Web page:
As EFCC forces bankers to declare assets…

EFCC chairman Bawa

The Chairman of the Economic and Financial Crimes Commission (EFCC), Mr Abdulrasheed Bawa, has ordered bankers to declare their assets. He said the order is in accordance with the provisions of the Bank Employees Declaration of Asset Act.

Speaking in Abuja, recently, the EFCC chairman said: “Going forward, we are going on to do our best to ensure that this country is free of financial crimes, adding: “Let me just put this, we understood that at the tail end of every financial crime is for the criminal to have access to the funds that he or she has illegitimately gotten, and we’re worried about the roles of financial institutions.”

He said from the June 1, 2021, assets declaration forms will be filled by bankers.

Talking about the ills of cybercrime, the EFCC chairman said that cyber criminals are chasing away investors and giving the country a bad name and image.

“The issue of cybercrime is a huge problem for this country,” he said. “In the last one month, we have arrested about 300 cyber criminals across the country….It is something that I am particularly worried about.”

And, indeed, cyberattacks have increased in Nigeria in the wake of COVID-19 restrictions and lockdowns while the country’s 2015 cybercrimes law may not be adequate to reduce the vulnerability of financial institutions, especially the banking sector, to these offences.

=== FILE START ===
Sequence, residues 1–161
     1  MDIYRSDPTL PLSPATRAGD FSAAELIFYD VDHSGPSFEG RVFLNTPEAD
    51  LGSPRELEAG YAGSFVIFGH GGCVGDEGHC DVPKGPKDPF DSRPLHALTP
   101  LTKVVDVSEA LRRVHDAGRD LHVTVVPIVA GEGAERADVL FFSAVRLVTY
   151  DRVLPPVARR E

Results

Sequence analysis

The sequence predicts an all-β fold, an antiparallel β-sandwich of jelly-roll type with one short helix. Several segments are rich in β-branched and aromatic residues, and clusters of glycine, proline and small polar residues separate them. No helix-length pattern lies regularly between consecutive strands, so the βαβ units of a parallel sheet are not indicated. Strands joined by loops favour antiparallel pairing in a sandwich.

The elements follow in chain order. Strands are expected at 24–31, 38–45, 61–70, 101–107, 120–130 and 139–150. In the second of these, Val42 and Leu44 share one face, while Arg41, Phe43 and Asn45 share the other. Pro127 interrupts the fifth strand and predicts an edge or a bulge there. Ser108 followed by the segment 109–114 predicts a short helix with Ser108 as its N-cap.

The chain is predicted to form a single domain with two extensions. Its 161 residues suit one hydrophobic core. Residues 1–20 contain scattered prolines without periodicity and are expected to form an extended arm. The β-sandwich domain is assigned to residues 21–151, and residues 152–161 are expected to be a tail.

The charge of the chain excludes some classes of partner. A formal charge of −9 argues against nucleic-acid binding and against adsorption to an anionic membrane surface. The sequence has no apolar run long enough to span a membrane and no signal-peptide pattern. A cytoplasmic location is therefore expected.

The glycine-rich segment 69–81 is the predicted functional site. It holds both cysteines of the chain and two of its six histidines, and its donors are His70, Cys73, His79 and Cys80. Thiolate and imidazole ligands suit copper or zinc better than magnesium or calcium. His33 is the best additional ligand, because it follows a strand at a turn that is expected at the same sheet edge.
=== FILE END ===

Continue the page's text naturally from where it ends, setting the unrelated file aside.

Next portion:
Nigeria’s Consumer Awareness and Financial Enlightenment Initiative has projected a US$6 trillion loss by 2030 to cybercrime within and outside Nigeria. These crimes are committed mostly through phishing and identity theft.

The outbreak of COVID-19 and government’s response measures have enabled more cyber attacks. Deloitte Nigeria reported a spike in phishing attacks, malicious spams and ransomware attacks. Cybercriminals are using the coronavirus as bait to impersonate brands, thereby misleading customers and employees.

Cyber attackers use COVID-19 as bait to impersonate brands and mislead employees and customers. Financial institutions, corporates, state agencies and individuals are increasingly being exposed to cyber attacks and fraud through disinformation, impersonation and phishing, which enables criminals to access computers, mobile devices and the intranet unnoticed to launch cyber attacks.
Not only are businesses being targeted, end-users who download COVID-19-related applications are being tricked into downloading ransomware disguised as legitimate applications.

Google claims to block more than 100 million phishing emails daily across the globe, about 18 million of which are related to COVID-19.

In Nigeria, cybercrimes are perpetrated by individuals, hackers or connected networks of criminals motivated by financial interests.

For instance, a gang of seven hackers stole N900 million (US$24,000) from a single bank via malware in Lagos on 10 March 2018, according to the Economic and Financial Crimes Commission.